You may choose to call an expert in for this job, as it is not as easy as it may sound to get the insulation to sit snuggly around the ductwork, and they will be able to make sure everything is correct.
Insulation is not the only thing that can be wrong with the ductwork; the leaking can also be a result of a problem with the ducting itself. There are several areas to look at when it comes to ductwork. Its length, straightness, and inner surface all play a part in preventing or causing leaking.
If the ductwork is too long, has too many bends, or has a ridged inner surface, then it interferes with the flow of air to the outside.
When ducting has features such as these, some moist air will remain in the ducts for too long and will cool. This will inevitably result in condensation as the air cannot hold all the humidity. The condensed water will run back down the dryer duct and out the vent when it cools.
Excessive bends or a textured surface in the ductwork will also encourage lint to build up in the ductwork, which will cause blockages that can result in leaking. A duct that is too long and bows will also promote blockages.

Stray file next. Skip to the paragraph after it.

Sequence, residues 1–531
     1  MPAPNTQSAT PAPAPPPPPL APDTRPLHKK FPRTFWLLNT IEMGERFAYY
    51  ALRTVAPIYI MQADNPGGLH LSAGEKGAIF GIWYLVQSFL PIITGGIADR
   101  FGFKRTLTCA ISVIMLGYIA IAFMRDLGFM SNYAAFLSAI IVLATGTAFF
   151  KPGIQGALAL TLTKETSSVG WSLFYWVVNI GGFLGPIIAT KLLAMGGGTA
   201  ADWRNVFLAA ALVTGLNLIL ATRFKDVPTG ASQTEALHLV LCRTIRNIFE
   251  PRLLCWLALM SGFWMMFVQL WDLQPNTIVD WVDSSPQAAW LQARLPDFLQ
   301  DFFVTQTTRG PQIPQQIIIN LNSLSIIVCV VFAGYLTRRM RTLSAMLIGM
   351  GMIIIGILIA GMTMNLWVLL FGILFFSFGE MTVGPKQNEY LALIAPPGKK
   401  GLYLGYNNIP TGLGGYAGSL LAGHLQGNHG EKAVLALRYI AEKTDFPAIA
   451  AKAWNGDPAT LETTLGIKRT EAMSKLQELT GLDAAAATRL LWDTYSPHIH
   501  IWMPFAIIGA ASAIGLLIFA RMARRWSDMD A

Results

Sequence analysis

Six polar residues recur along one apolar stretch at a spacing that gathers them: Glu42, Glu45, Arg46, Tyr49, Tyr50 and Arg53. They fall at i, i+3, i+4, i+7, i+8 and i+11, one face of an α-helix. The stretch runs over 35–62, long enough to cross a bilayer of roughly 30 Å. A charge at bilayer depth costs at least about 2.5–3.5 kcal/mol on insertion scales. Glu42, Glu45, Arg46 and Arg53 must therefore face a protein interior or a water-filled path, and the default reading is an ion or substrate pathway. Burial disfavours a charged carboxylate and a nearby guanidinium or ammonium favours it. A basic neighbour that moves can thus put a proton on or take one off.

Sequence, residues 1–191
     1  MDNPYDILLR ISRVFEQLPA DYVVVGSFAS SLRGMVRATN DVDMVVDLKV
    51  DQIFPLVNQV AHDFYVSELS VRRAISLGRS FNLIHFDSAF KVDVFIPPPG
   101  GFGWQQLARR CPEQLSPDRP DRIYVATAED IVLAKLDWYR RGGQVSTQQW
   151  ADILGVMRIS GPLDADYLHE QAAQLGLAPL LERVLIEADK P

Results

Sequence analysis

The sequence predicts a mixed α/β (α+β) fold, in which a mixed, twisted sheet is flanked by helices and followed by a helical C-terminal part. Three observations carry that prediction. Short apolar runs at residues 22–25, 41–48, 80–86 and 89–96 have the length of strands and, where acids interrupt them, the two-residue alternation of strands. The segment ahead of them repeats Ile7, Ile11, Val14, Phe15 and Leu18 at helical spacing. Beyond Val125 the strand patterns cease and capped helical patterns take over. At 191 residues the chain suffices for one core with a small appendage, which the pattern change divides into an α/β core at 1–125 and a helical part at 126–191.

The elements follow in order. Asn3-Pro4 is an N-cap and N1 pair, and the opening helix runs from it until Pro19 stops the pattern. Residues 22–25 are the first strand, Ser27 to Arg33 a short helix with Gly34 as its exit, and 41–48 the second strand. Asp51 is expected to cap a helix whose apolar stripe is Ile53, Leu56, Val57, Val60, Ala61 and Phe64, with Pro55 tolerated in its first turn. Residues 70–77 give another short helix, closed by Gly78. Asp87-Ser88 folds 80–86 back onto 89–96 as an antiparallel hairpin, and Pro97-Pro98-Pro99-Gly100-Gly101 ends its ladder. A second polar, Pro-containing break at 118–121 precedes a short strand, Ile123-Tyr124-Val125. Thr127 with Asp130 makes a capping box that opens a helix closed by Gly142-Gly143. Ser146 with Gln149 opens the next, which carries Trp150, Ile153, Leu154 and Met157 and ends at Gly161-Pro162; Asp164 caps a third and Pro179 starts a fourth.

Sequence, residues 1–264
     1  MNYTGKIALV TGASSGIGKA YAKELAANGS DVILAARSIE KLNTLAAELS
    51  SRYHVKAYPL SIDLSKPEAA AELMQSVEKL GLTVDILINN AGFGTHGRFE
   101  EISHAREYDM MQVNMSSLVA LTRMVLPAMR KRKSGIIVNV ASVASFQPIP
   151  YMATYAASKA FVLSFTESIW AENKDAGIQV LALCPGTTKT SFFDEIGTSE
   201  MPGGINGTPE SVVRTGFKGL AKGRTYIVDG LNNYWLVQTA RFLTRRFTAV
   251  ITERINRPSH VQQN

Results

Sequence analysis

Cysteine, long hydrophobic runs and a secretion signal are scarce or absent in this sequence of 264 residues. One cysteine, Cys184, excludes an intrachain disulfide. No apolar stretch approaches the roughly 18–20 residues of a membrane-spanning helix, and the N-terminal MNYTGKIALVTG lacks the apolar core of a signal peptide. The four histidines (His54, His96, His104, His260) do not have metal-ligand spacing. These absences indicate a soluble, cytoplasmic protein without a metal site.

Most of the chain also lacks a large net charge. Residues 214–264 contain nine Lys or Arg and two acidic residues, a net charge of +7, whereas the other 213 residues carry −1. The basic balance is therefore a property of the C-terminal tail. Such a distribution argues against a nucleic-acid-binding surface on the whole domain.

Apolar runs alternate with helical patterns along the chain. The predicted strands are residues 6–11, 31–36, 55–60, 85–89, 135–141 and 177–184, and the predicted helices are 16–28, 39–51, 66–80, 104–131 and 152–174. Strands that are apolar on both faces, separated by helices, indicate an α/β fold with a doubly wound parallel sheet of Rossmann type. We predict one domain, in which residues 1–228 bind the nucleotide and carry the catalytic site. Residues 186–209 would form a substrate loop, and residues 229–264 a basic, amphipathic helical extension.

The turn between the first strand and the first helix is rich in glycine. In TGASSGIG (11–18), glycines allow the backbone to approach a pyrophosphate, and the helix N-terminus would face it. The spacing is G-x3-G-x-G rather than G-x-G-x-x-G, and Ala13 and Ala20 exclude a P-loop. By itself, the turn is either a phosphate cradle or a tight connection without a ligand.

Aside from the above causes, leaking could also result from cracks or holes in the ducting. These interfere with the airflow. It is also allowing condensation to leak out at those sites.
Too many bends, a ridged inner surface, and an excessively long ducting path all contravene the International Residential Code requirements for venting dryers.
You should consult the manufacturer’s recommended duct length for the dryer. It is possible to shorten the ducting for the appliance by cutting it or purchasing a shorter piece of ducting, but I would suggest you consult with a professional for advice if you are unsure.
You will have to replace the ducting with a more suitable material that has a smooth inner surface or if the ducting has become damaged or warped and is no longer straight.
If the vent is leaking water because the duct is cracked or has a hole, you will need to replace the duct to fix the problem properly. Any other solution to a hole or crack in your vent is only temporary and will likely require repeated sealing.
It is worth considering that you might need to hire a professional to make modifications to the ducting for the purpose of appliance warranties.
Blockages in the Duct
Even if the ductwork has been laid properly, blockages can occur. If your clothes have started coming out still damp, this is a good indication (along with standing water) that your dryer vent is clogged.